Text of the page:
Note: you should NOT use optional chaining to simply avoid errors. If you overuse optional chaining, you will silence errors and make it much more difficult to debug your code later. Instead, only use optional chaining for REAL optional properties!

Optional Chaining with Functions

You can use optional chaining with functions which you expect may return objects. It works exactly the same as before, only we add ?. after the function - myFunction(...arguments)?.x:

let myFunction = (x, y, z) => { if(z !== undefined) { return { x: x, y: y, z: z } } } let arguments = [ 1, 2, 3 ]; let getX = myFunction(...arguments)?.x; console.log(getX); // Returns 1;

It’s good to know at this stage that by default, if a function has no return, it returns undefined - so this can be quite useful in situations where you are not sure a function will return anything at all.

Optional Chaining with Arrays

Optional chaining can also be used with arrays. For example - if you aren’t sure if a property will be defined, but it contains an array. Below, a user can have an array of valid addresses, and we want to get the first line of their address, from their first address. Since it may not always exist, we can use optional chaining here to try and recover it.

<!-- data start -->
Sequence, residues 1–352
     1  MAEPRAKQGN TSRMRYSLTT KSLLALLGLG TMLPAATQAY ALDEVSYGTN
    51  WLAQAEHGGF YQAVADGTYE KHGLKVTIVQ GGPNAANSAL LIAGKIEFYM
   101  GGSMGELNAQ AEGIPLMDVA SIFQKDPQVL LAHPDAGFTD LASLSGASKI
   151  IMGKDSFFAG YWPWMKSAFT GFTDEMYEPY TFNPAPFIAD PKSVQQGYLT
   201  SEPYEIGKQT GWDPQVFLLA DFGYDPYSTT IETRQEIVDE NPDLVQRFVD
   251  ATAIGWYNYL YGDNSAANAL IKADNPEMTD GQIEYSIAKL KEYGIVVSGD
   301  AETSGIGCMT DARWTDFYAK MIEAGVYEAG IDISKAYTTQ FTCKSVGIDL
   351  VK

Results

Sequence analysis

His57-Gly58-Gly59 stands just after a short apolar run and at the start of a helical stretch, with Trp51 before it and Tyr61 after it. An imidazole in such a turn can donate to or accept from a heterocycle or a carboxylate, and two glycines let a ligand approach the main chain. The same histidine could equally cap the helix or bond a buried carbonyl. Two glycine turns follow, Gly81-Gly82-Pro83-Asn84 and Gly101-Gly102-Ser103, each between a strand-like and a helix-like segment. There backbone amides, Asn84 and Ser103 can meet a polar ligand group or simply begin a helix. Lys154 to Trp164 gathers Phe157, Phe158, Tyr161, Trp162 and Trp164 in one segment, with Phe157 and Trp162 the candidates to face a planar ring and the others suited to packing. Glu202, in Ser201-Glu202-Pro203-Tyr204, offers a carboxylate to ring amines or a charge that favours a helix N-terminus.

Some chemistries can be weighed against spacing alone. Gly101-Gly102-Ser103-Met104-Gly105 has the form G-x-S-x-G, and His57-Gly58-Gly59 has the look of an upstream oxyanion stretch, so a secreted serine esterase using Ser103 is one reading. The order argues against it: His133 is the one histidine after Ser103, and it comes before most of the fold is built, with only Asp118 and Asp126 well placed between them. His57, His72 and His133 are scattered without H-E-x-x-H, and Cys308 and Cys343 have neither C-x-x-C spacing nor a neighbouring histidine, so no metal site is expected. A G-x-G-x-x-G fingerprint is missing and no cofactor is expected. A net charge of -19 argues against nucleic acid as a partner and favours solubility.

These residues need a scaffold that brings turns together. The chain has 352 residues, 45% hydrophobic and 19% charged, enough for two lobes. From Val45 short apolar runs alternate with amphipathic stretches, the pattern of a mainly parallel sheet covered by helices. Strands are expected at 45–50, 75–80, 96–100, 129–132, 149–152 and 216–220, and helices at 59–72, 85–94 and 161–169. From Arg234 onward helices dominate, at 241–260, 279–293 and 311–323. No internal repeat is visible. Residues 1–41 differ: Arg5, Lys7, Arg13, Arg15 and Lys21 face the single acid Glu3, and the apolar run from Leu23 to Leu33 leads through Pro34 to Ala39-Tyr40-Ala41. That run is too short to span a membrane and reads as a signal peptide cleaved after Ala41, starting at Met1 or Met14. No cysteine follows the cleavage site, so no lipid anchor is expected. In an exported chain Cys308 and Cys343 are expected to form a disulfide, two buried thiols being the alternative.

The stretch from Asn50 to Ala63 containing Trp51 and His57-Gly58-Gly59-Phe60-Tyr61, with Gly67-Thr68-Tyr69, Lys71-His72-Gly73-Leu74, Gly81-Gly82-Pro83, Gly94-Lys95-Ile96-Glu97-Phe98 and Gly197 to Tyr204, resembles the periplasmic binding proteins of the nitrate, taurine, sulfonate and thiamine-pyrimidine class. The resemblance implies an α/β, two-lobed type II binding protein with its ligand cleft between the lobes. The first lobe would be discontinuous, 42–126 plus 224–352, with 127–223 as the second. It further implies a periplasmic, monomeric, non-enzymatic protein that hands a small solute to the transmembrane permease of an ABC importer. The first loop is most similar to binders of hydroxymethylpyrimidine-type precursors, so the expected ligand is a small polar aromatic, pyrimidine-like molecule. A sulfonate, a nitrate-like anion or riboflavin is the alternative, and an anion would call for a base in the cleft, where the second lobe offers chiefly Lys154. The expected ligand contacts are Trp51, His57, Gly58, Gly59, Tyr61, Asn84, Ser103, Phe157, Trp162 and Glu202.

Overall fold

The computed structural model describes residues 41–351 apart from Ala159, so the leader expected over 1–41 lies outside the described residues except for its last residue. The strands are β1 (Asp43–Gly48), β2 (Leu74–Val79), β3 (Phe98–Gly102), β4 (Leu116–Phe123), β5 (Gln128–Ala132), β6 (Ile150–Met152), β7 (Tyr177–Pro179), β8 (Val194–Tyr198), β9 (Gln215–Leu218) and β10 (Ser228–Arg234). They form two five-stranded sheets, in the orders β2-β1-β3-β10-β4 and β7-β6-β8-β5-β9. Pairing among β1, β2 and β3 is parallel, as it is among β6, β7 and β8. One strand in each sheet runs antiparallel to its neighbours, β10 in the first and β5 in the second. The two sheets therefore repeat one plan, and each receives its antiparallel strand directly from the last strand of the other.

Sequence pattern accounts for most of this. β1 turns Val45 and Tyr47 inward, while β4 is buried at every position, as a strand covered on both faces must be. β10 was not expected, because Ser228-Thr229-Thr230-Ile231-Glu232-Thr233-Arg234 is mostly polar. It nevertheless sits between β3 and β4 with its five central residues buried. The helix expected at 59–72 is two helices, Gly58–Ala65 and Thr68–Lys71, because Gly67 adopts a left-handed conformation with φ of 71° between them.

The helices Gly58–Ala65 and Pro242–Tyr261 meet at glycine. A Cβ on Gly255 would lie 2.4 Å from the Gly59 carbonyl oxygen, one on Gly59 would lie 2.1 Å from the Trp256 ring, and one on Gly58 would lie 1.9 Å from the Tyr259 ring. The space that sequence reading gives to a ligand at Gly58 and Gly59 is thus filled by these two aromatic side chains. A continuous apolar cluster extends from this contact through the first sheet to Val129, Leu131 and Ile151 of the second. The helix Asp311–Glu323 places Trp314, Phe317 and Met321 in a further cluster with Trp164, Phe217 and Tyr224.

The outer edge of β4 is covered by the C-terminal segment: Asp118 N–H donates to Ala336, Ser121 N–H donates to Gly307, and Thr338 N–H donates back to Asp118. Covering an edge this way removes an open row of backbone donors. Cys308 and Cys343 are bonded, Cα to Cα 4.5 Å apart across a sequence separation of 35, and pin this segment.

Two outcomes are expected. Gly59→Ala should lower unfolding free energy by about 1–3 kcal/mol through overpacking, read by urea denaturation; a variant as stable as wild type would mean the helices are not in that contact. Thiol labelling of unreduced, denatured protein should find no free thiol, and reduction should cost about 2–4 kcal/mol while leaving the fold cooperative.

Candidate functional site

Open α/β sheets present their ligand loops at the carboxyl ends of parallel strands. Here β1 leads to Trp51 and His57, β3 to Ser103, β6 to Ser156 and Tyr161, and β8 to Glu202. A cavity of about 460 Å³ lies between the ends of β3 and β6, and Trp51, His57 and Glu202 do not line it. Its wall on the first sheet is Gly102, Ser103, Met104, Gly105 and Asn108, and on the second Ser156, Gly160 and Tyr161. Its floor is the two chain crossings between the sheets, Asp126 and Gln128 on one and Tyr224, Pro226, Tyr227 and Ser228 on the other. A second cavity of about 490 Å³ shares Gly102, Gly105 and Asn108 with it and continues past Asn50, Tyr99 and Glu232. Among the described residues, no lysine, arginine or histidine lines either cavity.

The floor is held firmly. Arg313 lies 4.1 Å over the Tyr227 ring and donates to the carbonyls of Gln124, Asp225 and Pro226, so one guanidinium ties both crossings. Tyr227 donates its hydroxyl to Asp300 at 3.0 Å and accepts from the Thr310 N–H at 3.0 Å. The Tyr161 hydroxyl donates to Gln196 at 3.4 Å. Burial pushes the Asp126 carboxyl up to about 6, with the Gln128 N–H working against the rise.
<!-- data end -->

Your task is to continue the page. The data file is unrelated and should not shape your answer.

let myUser = { name: "John Doe", age: 155 } let getAddress = myUser.addresses?.[0]?.first

In this case, addresses is not defined on myUser, so getAddress will simply return undefined. If we want to check a property which should be array, the notation is obj.prop?.[index], while if we want to check an array index which may not exist, but has child elements within, the notation is obj[index]?.prop.

Optional Chaining with Optional Functions